• Mandatory Disclosures. Many state and local laws require landlords to disclose documentation, policies, or specific unit information to tenants prior to moving in. Disclosure laws typically impose heavy fines or legal ramifications to landlords if they are not followed. In rare cases, they contain penalty provisions that may allow you to break your lease.
  • Senior Citizen or Health Issue. Some states offer age or health-related lease-breaking arrangements that permit early lease termination.  If a tenant has a qualified disability the tenant may request early termination as a reasonable accommodation under the Fair Housing Act or the Americans with Disabilities Act.
Questions? To chat with an Oregon landlord tenant attorney, click here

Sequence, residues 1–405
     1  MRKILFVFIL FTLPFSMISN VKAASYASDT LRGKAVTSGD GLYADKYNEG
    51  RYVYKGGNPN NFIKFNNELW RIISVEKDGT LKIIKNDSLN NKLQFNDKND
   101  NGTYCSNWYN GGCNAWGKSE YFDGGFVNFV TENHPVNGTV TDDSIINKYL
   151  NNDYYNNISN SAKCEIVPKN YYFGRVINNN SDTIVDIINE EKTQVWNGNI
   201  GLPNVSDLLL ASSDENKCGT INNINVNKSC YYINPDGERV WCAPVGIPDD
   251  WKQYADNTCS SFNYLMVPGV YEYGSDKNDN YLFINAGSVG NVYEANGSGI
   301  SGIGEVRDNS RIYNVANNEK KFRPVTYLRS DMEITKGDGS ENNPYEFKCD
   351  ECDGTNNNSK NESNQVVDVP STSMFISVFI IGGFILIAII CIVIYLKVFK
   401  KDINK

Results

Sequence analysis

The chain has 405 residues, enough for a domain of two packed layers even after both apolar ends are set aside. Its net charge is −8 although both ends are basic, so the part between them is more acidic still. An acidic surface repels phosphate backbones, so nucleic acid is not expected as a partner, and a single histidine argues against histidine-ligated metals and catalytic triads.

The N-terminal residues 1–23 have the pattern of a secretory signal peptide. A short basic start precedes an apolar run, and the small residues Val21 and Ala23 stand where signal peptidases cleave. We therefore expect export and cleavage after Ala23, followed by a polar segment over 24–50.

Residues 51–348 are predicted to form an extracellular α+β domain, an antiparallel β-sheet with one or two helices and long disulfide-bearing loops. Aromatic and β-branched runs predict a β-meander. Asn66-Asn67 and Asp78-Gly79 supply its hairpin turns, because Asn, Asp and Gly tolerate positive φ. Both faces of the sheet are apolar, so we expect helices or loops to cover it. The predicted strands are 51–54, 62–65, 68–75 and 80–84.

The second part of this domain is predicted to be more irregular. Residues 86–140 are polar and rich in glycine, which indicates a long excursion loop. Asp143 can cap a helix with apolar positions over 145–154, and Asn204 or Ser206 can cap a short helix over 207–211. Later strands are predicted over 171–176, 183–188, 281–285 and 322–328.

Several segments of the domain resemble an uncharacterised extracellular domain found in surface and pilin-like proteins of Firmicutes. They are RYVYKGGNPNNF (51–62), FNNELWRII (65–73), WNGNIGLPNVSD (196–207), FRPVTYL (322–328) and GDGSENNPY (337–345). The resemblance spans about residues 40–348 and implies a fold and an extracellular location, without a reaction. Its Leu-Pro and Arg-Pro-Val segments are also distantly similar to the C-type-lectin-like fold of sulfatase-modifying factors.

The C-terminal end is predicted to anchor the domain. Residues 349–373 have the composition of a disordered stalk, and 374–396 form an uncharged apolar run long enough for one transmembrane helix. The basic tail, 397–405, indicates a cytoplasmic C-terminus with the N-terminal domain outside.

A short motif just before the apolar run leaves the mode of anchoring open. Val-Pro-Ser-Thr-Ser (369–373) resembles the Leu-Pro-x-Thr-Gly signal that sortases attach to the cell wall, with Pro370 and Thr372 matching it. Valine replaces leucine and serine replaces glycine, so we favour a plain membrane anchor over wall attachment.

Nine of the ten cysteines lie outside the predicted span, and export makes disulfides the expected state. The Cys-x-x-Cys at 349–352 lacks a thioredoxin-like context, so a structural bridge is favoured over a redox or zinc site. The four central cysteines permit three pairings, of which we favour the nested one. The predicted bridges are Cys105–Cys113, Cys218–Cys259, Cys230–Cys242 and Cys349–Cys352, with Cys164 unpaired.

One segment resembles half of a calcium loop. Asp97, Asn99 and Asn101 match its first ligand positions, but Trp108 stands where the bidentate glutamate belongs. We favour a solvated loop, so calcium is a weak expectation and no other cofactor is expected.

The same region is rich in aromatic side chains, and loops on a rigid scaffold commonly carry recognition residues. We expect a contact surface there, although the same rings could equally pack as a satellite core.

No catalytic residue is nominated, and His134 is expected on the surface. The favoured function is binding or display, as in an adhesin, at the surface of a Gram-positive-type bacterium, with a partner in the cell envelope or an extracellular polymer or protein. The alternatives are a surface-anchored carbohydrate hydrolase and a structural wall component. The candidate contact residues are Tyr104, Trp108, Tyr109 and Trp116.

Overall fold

Examples of Insufficient Justification for Lease Breaking in Oregon

The below reasons are generally not enough justification (on their own) to release a tenant from the obligation of their lease term, and as a result, provide no legal protection against penalties for not honoring the lease.

  • They bought a house.
  • They are relocating for a new job or school.
  • They are upgrading or downgrading.
  • They are moving in with a partner.
  • They are moving to be closer to family.

Breaking a lease for any of the above reasons without court approval or in any conditions not previously outlined can have tangible consequences for tenants.  If a tenant would like to break a lease for any of these reasons, the tenant should ask the landlord to agree to a mutual termination.

Landlord’s Responsibility to Re-rent in Oregon

Oregon state law does require landlords to take reasonable steps to re-rent their unit when a tenant breaks their lease. This is referred to as the landlord’s duty to “mitigate damages”. This means that if you leave your lease early and your landlord re-rents the unit before your lease ends, then the rent received from the new tenant will apply to your debt.